I read recently how scientists had run an experiment that proved at last that some particle could move faster than the speed of light, it was all over the Internet, and the next day at work my colleague, who actually can think about these things in intelligent ways, explained with great animation how this opened the way for science to be thinking about parallel universes, and his excitement touched me for a few minutes, I caught some glimmer of how the one thing related to the other. But truth be told, I lost that thread almost directly, and, given how theoretically important a thing it was that was being proposed, it’s rather amazing how little I’ve thought of it since—I haven’t—and how on the scale of personal mattering (the only scale I trust) it doesn’t begin to generate the awe I felt the first time I saw the dust of metal filings on a sheet of paper rally to order when a magnet came near, or how baking soda added to vinegar propelled a cork out of its bottle and halfway across the kitchen . . . Nothing trumps the first science, I don’t think. Indeed—general rule—nothing trumps the first anything. Science. I remember those portable chemistry sets with their neatly racked test tubes and flasks, and store-bought kits that in the right hands would have picked up radio signals from cities around the world, and microscopes with their silver adjusting screws and slide-holding clasps, the little mirror you had to angle into the light to get a sudden eyeful of the honeybee’s shockingly hairy leg . . . Maybe it was my eyesight, already bad, I don’t know, but for all my professed interest in nature back then—at one point I was determined to be a naturalist—I did not finally put in much time at all squinting toward the mysteries of minutiae. Nor, truth be told, was I one for going to the planetarium to see the stars and planets or stand in line on special viewing occasions to gape at the rings of Saturn. That magnitude of inspection did not compel me—which should have told me I was a humanist. Indeed, whenever I had a pair of binoculars or, better, a telescope, my interest—unflagging—was for watching people who did not know they were being observed. Voyeurism, yes—but not really. My lens never found the lamp-lit window with its curtain blown sideways just as the game of games was about to begin. Not once. I had better luck bringing in the back of the paint-speckled T-shirt of the guy painting his gutters, or watching the unsuspecting neighbor mom heft up her grocery bags and kick the car door shut with the toe of her loafer. Is that voyeurism? If so, it is of a pale and unactionable sort. Less actionable still might be the voyeurism I practiced on birds and cats, or even just space itself. Truth be told, that last was maybe the most exciting. Not for anything viewed, but precisely because, not having anything special to focus on, I could contemplate the fact of the device itself. It was, as I recollect, a neatly collapsed item about the size of a burrito. Small enough to fit into the front pocket of my jacket—which, I will say, was part of its appeal, the other part being that I could quickly and with a few gratifyingly decisive moves pull section from section, snap snap, elongating, until I had a device worthy of old-time sea captains. This I could hold up to my eye, a way to instantly make there come here, an astonishing trick—truly—though it will never be as good as getting then to be now.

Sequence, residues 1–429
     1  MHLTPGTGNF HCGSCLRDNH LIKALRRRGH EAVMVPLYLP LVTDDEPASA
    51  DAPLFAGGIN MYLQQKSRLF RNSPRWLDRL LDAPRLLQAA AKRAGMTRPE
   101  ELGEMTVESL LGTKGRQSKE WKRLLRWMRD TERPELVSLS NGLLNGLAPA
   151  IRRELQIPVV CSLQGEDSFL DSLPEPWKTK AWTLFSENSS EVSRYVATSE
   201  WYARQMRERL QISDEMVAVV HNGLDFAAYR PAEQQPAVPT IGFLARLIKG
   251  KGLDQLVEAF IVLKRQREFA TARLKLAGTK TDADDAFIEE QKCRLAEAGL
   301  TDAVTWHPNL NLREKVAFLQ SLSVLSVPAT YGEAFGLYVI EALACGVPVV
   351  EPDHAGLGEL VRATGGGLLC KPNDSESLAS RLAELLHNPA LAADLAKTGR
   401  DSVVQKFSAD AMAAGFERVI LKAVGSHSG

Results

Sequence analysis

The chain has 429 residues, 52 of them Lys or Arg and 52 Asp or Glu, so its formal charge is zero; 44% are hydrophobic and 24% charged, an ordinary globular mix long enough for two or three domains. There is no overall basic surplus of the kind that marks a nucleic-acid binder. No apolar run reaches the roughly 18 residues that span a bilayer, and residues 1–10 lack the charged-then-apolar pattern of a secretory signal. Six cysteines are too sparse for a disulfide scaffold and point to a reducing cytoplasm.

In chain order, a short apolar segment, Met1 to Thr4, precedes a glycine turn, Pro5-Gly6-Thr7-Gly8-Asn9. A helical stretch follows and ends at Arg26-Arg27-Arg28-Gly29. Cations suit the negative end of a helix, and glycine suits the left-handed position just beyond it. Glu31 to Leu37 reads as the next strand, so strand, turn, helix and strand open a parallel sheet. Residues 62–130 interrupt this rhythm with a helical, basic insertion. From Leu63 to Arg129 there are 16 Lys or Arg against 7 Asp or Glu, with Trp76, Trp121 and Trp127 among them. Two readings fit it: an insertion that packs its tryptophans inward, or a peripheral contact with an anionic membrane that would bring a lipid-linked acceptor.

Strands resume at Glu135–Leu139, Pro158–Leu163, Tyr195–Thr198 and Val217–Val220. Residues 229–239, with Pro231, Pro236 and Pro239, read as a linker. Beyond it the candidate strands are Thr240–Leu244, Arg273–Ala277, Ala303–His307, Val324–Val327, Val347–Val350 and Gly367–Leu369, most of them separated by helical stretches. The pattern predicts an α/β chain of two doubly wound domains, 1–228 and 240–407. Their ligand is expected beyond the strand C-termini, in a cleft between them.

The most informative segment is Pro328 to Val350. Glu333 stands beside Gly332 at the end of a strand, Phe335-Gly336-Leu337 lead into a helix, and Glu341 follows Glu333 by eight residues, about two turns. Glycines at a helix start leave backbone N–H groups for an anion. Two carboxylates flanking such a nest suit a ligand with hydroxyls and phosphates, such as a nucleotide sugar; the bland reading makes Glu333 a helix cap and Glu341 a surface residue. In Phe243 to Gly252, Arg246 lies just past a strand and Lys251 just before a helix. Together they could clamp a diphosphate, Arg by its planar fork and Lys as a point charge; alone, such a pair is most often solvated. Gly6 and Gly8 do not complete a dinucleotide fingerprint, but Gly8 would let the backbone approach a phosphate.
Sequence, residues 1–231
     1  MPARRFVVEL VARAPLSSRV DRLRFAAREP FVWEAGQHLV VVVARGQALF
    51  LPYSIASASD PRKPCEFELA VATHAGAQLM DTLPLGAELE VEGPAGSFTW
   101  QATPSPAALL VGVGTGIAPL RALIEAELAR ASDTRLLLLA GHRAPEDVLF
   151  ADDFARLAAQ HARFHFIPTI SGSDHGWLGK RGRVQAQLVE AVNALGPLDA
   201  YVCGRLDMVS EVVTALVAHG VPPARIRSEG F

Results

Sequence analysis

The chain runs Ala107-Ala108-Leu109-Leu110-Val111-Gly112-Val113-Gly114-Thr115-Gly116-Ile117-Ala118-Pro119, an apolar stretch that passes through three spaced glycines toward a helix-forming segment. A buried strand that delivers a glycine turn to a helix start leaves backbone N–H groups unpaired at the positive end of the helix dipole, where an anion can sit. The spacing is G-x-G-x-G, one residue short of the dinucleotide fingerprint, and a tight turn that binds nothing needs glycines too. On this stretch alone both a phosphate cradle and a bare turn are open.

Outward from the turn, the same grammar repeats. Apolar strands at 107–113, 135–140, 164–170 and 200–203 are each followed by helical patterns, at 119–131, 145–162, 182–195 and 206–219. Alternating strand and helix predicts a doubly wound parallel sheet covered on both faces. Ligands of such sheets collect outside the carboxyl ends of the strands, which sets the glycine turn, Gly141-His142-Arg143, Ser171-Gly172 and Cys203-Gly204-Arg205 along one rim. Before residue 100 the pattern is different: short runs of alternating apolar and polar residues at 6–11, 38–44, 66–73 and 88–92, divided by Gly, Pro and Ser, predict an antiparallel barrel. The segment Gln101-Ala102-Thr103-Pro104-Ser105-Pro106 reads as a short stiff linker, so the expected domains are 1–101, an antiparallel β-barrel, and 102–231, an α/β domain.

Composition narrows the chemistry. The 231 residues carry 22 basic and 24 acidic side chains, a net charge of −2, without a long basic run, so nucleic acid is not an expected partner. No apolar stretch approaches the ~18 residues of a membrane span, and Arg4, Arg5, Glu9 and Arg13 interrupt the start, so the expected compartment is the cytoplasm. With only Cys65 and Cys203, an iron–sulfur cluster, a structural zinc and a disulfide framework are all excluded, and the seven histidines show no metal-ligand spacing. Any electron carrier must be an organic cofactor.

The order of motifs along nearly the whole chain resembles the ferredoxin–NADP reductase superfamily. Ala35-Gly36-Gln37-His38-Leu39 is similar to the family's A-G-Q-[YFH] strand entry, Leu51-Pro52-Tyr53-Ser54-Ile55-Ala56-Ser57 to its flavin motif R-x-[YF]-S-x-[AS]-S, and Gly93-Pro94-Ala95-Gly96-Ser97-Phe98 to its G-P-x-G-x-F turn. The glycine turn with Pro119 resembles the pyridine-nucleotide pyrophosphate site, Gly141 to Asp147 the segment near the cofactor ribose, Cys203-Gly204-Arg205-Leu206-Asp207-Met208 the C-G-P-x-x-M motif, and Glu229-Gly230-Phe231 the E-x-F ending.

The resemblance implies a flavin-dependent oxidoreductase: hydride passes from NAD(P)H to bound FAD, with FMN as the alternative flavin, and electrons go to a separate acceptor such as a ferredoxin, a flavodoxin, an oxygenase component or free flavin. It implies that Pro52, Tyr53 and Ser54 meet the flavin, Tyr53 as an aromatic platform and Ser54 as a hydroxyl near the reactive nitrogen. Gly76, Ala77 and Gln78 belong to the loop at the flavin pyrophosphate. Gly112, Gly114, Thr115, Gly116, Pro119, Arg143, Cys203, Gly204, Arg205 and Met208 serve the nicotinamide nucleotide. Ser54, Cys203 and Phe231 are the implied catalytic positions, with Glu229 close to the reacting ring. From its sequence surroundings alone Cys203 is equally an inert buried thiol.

Monday, July 16, 2012